This is a category 1 storm on the Saffir Simpson Scale and may intensify to a Category 2 storm over coming hours. The storm presently sustains wind speeds of 65 knots or 120 km/h near the core. The storm transitioned into a tropical cyclone at latitude 18 degrees south and 171.6 degrees east.

As seen in the NASA Worldview image, the storm is circular in shape but cumulonimbus clouds are visible as a spiral surrounding the northern and eastern quadrant of the storm. The core is ringed by deep convection and cumulonimbus clouds.

The storm formed over waters of 30C to 31C but likely to weaken as it heads further south towards cooler waters.


1 - CIMSS (Forecast plots and infra red images) acquired 12 February 2016.
2 - NASA (MODIS Worldview of TC Winston ) acquired 12 February 2016.

Tropical Cyclone Stan NW Western Australia 29 to 31 January 2016

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TCStanat landfall

During the period 29 to 31 January, a small Category 1 Tropical Cyclone formed off the coast of the Pilbara region of North West Western Australia. This was a short lived storm because it developed so close to the coastline and its ability to intensify would have been limited.

The storm formed over waters of 29C before moving south east.

This was the first tropical cyclone to form and cross the Australian coastline during the summer of 2015 / 2016. The storm transitioned into a tropical cyclone at latitude 18.7 degrees south and 118.8 degrees east and tracked south east crossing the coast east of Port Headland.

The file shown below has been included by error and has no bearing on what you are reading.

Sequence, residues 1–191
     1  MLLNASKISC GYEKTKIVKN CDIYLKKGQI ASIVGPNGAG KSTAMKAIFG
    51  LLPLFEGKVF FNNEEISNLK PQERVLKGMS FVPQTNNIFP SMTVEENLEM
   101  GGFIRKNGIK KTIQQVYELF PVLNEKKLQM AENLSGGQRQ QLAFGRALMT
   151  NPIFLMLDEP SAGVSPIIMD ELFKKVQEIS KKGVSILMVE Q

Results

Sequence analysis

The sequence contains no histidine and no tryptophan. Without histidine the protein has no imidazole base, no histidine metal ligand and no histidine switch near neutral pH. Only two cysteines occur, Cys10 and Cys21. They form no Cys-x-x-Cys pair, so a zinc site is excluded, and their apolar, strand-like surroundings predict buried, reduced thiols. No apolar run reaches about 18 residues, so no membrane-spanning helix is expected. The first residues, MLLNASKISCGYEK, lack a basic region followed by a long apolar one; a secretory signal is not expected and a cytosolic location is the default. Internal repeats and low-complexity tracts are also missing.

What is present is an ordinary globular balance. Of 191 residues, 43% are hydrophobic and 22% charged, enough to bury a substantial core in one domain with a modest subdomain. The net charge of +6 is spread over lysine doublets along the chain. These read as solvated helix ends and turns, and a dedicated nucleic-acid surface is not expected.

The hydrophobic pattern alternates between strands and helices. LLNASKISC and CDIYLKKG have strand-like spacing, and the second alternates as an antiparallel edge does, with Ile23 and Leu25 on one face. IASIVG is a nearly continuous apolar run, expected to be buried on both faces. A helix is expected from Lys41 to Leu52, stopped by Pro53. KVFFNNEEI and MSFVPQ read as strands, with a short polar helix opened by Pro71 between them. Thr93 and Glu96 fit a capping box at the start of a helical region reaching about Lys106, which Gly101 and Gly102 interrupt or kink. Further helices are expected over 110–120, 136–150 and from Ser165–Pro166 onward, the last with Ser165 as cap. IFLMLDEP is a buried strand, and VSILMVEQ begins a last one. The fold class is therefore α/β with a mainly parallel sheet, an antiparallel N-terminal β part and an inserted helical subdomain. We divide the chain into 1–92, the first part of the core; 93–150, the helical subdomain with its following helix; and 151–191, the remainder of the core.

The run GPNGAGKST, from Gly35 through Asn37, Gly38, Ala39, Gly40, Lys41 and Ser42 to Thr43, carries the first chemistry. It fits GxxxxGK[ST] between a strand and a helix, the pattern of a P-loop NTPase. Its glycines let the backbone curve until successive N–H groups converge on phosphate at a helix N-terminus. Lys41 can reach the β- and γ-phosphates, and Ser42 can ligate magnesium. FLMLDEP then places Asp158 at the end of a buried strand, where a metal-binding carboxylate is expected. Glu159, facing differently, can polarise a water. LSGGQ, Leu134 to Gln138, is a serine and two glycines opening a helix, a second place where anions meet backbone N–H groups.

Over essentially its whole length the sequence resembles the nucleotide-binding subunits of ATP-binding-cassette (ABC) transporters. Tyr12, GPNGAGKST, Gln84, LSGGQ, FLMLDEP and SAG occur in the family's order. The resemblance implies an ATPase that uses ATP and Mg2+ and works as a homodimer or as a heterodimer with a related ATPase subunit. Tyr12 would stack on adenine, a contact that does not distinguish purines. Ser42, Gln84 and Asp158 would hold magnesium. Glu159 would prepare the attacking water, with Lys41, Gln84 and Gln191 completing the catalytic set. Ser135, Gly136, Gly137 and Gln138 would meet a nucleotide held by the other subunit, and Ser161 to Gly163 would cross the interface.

The storm had little impact on Port Headland and only brought 11.2 mm of rain at the local weather station.

While warnings were issued for flooding and gales from the storm, a significant disaster was avoided. The Pilbara is sparsely settled with few towns. If anything, the storm brought beneficial rains including 97 mm at Nullagine, 82 mm at Bonney Downs and 74 mm to Tarina to 9 am 1 February 2016.

The CIMSS weather model suggested a Category 1 Tropical Cyclone to cross the coast with peak wind speed to 65 knots or 120 km/h with possible higher speeds to 70 knots or 130 km/h.

A weather station at Rowley Shoals well north of Port Headland at latitude 17.52 degrees south and 118.95 degrees east which is close to where the storm formed recorded a peak wind gust to 133 km/h at 9.24 am and again at 9.30 am on the morning of the 30/1/2016 from the west which is consistent with the CIMSS Model. This implies the core of the storm was just to the south of the weather station at the time the peak wind gusts were recorded.

This weather station also recorded 100 km/h gales between 4 am to 11 am during the morning of the 30/1/2016. The recordings appear to be the highest wind gusts obtained by a weather station from the event.

There are also peak wind gusts to 89 km/h at Bedout Island at 5.17 am 30/1/2016. Elsewhere wind speeds were lower as the storm passed through including a peak gust of just 67 km/h at Port Headland. It is acknowledged that there are few weather stations within this part of Western Australia and hence there is limited ability to verify accurate wind speeds at landfall.

Once the storm crossed the coast, the storm broke apart but has delivered beneficial rains within an area that is generally arid.

The CIMSS model for the storm is attached and while it is dated the 30 January, it is identified that the storm generally followed the path as shown.

The attached satellite photo of the storm from NASA (MODIS Worldview) acquired 31/1/2016 is showing the storm shortly after landfall.


Bureau of meteorology for rainfall data dated 1/2/2016.
CIMSS (Satellite photo and plot) dated 30/1/2016.
NASA (MODIS Worldview) satellite image acquired 31/1/2016.